Of course it was a very different company then. Back then, we had 5 actors and one musician. Now the balance is very different, we have 3 kick-ass jazz musicians, a modern dancer and 2 actors. But back then, we were really working with long-form improv, using forms like the “Harold” which is a structure to guide an evening-length improvisation. Music took more of a back-seat role then, it served as accompaniment, mood, and though it sometimes dictated endings or instigated a tempo change in the scene, our violinist, Todd Reynolds, used to stand for the most part, on the periphery of the playing space. Today, we strive to have equal balance between the disciplines, to have an actor back-up the musician or comp when a dancer takes the lead. Musicians are front and center – they have left the edge of off-stage.
How do you begin the creation of a new piece? Will the initial thought process be purely ensemble oriented, or will one person bring an idea to the group with the hopes of fleshing it out further?
Usually one person will bring an idea to the group. If there is enough passion around the idea, we go forward. Once we are working on a piece, I will bring in ideas to lead our experiments in rehearsal. However, it is critical that everyone has a voice. I have an amazing group of performers who work well with this process. No egos. That is key. Everyone has to be willing to put forth an idea that may or may not be accepted by the group. Including me…although I could overrule something, I rarely do… I strive for consensus and I set up situations to instigate performer-generated material. If it comes from the performer, it will be far richer than if I impose it on the performer.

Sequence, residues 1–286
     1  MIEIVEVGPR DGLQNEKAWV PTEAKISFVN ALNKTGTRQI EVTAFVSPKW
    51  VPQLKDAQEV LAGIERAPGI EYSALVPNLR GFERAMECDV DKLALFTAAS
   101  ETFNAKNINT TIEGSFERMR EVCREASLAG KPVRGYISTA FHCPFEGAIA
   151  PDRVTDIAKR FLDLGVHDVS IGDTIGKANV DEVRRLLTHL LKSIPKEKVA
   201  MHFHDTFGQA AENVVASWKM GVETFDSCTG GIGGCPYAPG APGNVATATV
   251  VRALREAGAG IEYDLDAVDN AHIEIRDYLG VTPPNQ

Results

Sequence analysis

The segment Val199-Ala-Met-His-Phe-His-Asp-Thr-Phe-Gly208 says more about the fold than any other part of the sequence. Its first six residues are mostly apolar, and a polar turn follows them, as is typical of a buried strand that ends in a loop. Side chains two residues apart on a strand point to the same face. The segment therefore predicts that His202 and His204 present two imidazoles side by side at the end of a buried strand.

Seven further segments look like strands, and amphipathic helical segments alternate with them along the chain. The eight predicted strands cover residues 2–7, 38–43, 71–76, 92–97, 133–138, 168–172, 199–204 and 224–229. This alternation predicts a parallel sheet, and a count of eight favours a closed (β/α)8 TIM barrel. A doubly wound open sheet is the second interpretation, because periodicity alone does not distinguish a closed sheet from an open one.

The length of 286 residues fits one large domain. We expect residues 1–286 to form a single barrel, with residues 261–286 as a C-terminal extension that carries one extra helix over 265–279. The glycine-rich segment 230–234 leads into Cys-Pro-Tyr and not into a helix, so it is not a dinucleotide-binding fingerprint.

Sometimes we create work that directly addresses a current socio-political issue, such as this new show we are working on called SAME RIVER. It’s an interview-based show about how fracking, a controversial natural gas drilling technique, is affecting people’s every day lives. Other times though, shows might not be so obviously political. However, the ethos of the company is really reflected in the way we operate…we are an ensemble and so power is shared laterally. I think of myself more as a facilitator than a director.
Tell us about Haiku Flights. What can we expect to see on the 11th?